EternoGen team members with Mike Nichols, vice president for research and economic development
EternoGen—a new medical device company led by CEO and MU Crosby MBA program graduate Luis Jimenez, Chief Scientific Officer Rebecca Rone, and Chief Operations Officer Ron Bassuner—is incorporating nanotechnology and protein engineering to make materials that stimulate tissue regeneration and create biological implants that last longer than the current products on the market. Their current product that attracted university investment--a novel collagen “skin filler”--is undergoing testing for use in a variety of applications, and is differentiated from competitors through its ability to act as an antioxidant, anti-inflammatory and antimicrobial agent. This technology was developed in collaboration with Dr. Grant from the MU Biological Engineering Department.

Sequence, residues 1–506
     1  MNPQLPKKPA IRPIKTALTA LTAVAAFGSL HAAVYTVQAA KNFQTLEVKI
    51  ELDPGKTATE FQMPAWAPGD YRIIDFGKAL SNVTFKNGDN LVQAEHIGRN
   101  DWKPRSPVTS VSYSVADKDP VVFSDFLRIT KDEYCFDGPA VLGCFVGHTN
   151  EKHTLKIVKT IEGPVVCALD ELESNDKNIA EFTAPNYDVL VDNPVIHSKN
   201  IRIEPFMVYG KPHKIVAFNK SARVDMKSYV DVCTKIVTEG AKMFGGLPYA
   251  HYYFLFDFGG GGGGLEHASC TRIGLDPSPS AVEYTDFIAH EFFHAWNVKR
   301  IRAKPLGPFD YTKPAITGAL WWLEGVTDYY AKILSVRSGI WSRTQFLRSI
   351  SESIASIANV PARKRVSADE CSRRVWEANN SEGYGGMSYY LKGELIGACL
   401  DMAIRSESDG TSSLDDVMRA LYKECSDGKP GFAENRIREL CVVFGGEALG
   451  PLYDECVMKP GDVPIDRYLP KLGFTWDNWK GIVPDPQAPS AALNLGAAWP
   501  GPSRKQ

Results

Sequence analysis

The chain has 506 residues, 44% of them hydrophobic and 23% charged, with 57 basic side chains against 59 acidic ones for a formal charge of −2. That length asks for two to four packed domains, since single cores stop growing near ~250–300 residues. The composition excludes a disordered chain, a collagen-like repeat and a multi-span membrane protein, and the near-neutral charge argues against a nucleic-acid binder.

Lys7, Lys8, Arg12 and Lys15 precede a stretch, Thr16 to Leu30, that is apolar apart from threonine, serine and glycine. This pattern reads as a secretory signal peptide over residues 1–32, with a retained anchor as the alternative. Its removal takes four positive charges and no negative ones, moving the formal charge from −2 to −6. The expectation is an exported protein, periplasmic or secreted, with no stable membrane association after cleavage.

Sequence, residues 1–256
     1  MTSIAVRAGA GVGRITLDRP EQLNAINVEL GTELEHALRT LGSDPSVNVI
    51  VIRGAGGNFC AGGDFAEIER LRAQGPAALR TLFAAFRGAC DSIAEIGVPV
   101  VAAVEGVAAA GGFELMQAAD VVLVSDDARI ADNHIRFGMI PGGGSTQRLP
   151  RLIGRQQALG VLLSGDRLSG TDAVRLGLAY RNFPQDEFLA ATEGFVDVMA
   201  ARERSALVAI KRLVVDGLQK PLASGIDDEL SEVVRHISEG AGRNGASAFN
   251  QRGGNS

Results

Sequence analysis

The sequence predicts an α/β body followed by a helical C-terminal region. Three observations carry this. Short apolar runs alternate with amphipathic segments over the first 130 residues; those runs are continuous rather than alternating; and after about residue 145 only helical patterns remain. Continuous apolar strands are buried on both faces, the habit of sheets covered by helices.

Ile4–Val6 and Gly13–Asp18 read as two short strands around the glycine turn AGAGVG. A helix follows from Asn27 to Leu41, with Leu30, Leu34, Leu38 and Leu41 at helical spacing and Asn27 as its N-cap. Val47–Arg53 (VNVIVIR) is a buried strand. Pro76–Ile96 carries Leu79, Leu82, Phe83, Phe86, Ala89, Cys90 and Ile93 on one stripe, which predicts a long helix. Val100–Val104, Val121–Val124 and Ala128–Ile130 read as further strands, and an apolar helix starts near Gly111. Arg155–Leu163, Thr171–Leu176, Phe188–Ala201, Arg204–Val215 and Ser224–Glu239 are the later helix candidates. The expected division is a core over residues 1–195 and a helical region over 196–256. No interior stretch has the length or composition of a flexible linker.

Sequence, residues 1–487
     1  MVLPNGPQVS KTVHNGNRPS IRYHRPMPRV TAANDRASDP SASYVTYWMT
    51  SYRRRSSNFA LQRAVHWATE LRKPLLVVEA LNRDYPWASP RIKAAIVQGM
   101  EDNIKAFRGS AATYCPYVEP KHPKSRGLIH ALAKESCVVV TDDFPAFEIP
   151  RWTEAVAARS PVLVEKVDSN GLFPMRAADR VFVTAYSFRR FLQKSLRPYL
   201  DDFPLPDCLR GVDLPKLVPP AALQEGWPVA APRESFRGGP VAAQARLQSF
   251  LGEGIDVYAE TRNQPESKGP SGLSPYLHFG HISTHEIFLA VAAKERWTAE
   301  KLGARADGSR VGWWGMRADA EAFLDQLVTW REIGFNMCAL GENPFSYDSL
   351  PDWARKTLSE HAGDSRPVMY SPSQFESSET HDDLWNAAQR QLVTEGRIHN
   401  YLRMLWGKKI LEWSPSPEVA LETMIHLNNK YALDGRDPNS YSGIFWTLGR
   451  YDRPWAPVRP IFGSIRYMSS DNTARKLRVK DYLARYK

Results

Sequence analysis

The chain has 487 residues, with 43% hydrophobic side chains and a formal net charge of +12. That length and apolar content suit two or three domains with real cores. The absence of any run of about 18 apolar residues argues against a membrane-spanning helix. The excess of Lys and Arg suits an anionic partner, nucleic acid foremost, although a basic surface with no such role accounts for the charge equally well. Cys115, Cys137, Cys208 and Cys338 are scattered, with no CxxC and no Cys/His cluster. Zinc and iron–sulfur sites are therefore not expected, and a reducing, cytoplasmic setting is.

“Without this investment, our story might have been the usual story of a technology that is stuck between discovery and commercialization,” Jimenez said. “Instead, not only are we moving forward, but we have created enough momentum with this investment that we are beginning to attract other investors. Our ultimate goal is to build a research & development facility here in Missouri that will help us identify needs in health care and optimize our technology to address those needs. We would then partner with other companies to commercialize these innovations.”
Upon the successful achievement of milestones along the commercialization pathway, EternoGen will receive up to $200,000 from university EIP funding. With the help of the university, it has also been able to secure $100,000 from the Missouri Technology Corporation IDEA Funds, and $200,000 from mid-Missouri’s Centennial Investors.